Parades in Conflict

This is not an unchanging scenario, however: the disputes in Keady and Pomeroy marked the beginnings of a more serious contest over the right to parade, which has counterposed this civil right with the right not to suffer unwanted parades. The dispute reflects how parading is seen from two distinct perspectives. As I have described, the unionist community see the parades as an expression of their civil rights, a celebration of their culture and a confirmation of their constitutional status; whereas nationalists regard the (seemingly) constant parades as triumphalist reminders of their second-class status. The earliest signs of the present dispute began with disputes over loyalist parades in Castlewellan and Downpatrick in the early 1980s and in Portadown in 1985 and 1986 (Bryan, Fraser and Dunn 1995). These resulted in a change to the law, and some restriction on the rights of traditional parades; but the balance of political will remained with the Orangemen, as the cases of Keady and Pomeroy illustrate. However, since the ceasefires of 1994 the issue of the right to parade has become a major political issue.

Residents' groups opposing Orange parades began to appear in 1995, in Belfast, Bellaghy, Derry and Portadown, and over the next year similar groups were formed in other nationalist towns and villages. They have demanded that parades be re-routed away from their areas, or that the loyal orders seek the consent of the residents before trying to parade. The loyal orders have generally been unwilling either to change the route of their parades or to negotiate with the residents, whom they regard as little more than a Sinn Féin front. Mediation has largely been unsuccessful and compromise rare; instead, the dispute has brought to a head the divergent attitudes of the two communities (see Jarman and Bryan 1996; Montgomery and Whitten 1995; Pat Finucane Centre 1995 1996). In July 1996 the decision by the police to ban an Orange church parade from walking along the nationalist Garvaghy Road in Portadown led to several days of loyalist road-blocks and rioting. When the police reversed their decision in the face of even more massive public disorder, the nationalist community reacted in a similar way. The dispute polarised the two communities in a way that had rarely been seen before, even during the height of the Troubles; the political middle ground disappeared; and there was widespread speculation of a return to paramilitary violence. In the event the two sides pulled back, although the protests against parades continued, and the dispute escalated on a slow fuse with a campaign of consumer boycotts, intimidation, sporadic arson attacks, increases in residential segregation, the picketing of Catholic churches and a general rise in tension. The government belatedly announced a review of the law and decision-making process surrounding the rights to parade; but this was regarded by many on both sides as too little, too late. As I write, the review body is just beginning its work.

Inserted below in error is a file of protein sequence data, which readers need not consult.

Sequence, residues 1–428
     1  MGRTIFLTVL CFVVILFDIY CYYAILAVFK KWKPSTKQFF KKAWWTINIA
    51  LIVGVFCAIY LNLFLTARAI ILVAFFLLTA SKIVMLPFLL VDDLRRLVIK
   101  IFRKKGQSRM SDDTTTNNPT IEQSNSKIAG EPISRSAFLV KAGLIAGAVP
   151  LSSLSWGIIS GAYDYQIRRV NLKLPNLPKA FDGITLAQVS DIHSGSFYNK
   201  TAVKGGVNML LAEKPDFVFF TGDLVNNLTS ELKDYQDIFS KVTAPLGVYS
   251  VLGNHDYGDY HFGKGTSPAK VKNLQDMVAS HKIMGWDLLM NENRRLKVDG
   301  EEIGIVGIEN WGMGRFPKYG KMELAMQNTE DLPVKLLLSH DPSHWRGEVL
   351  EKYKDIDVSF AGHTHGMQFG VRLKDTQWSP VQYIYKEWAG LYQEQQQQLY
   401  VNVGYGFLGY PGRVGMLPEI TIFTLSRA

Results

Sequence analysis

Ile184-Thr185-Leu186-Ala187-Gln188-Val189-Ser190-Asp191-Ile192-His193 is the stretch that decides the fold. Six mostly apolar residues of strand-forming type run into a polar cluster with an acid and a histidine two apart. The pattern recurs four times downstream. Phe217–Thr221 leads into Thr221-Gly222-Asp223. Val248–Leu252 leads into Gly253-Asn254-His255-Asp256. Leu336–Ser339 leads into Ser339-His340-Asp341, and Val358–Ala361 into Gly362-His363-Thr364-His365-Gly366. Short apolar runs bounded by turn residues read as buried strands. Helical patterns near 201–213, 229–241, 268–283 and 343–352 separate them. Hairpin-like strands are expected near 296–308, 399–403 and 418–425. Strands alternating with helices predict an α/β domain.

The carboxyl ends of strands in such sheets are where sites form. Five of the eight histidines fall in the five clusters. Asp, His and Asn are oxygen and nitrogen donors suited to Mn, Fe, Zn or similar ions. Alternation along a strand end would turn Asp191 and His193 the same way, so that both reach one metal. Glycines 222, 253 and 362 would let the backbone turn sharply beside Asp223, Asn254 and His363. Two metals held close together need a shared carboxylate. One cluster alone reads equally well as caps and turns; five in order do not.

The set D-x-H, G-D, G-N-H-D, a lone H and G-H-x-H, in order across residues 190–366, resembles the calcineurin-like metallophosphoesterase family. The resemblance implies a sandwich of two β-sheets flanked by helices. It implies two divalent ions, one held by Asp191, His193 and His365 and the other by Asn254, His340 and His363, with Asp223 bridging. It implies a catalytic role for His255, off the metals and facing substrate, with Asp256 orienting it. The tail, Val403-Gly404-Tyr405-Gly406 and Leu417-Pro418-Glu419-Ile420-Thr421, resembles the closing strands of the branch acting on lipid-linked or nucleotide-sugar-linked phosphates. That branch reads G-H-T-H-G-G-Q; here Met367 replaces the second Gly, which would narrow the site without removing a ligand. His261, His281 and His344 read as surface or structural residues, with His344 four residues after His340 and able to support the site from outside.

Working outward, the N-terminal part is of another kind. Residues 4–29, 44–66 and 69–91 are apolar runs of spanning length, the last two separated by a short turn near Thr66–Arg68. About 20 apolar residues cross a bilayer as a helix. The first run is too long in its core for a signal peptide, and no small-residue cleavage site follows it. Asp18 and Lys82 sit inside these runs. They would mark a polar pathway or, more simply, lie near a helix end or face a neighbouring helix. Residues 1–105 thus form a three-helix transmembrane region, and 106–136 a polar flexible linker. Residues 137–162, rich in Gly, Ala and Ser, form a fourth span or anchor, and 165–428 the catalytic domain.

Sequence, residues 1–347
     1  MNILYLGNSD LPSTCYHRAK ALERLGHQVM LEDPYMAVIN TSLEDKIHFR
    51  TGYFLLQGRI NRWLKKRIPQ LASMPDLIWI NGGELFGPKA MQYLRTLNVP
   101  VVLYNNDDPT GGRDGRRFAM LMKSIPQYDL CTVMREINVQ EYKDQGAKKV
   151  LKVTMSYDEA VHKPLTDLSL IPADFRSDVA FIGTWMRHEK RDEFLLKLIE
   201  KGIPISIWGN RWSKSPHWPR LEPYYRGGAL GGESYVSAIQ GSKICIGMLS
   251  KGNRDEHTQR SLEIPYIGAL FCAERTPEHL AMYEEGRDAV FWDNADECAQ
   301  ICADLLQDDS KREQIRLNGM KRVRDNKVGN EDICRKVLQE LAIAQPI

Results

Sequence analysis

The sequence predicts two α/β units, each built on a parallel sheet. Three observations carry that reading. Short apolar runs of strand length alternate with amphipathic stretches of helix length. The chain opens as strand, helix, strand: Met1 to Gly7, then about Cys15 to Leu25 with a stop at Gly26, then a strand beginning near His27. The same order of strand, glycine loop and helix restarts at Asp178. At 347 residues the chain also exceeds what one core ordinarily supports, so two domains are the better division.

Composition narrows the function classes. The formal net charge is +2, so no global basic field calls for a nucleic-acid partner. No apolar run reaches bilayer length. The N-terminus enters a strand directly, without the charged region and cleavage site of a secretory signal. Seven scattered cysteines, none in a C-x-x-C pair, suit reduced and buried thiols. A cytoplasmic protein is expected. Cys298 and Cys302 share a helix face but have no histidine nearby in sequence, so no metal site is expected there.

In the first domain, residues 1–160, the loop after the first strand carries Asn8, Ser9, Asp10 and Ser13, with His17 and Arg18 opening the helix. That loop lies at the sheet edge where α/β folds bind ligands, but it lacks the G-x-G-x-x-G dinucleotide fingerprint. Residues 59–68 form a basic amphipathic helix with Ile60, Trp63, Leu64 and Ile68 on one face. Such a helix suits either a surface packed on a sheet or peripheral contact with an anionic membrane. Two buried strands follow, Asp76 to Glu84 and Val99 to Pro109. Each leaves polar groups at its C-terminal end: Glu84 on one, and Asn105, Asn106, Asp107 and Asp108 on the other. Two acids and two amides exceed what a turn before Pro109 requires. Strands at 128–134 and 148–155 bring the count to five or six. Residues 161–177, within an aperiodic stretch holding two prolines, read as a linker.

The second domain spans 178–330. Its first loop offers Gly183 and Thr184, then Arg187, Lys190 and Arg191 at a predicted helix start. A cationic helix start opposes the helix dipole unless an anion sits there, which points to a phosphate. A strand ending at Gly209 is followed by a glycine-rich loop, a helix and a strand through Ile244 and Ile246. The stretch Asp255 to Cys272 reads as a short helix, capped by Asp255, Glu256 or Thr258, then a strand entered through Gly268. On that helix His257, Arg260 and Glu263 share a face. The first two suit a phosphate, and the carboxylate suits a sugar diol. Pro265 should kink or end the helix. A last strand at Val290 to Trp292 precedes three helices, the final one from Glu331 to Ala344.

The crisis illustrates the continued symbolic and political significance that is given to the right to parade, to particular parade routes, to the importance of parading for geographical and communal identity, and the difficulties of balancing conflicting perceptions of those rights. But it would be wrong to see 1996 as merely a cyclical re-enactment of 1969 - many things have changed: too many for some, not enough for others. In 1996 it was a confident and assertive nationalist community that confronted the loyal orders, and although they were angry at what was seen as the playing of the Orange card in Portadown and the capitulation of the state to the threat of violence, nationalists are more readily able to assert their own communal identity than a generation ago. While the loyal orders feel threatened by the demands to give up or change their traditions of parading, the nationalist community have readily asserted their own rights to parade. A little-publicised feature of the Troubles has been the way in which the nationalist community, and in particular the republican movement, have used public parades to assert their growing power and to extend their tradition of commemorations; we turn to these parades next.

Photographs by Neil Jarman

(The following photographs appear in the book at the end of chapter 6. Neil Jarman has also provided additional photographs of parades, bands and banners.)

Walking I, Edenderry, Twelth 1995 [Black and White Photograph]

Walking II, Lower Falls, Internment Parade, August 1993 [Black and White Photograph]

Walking III, East Belfast, Somme Parade, July 1993 [Black and White Photograph]

Walking IV, Londonderry, August 1992 [Black and White Photograph]


CAIN contains information and source material on the conflict and politics in Northern Ireland.
CAIN is based within the University of Ulster.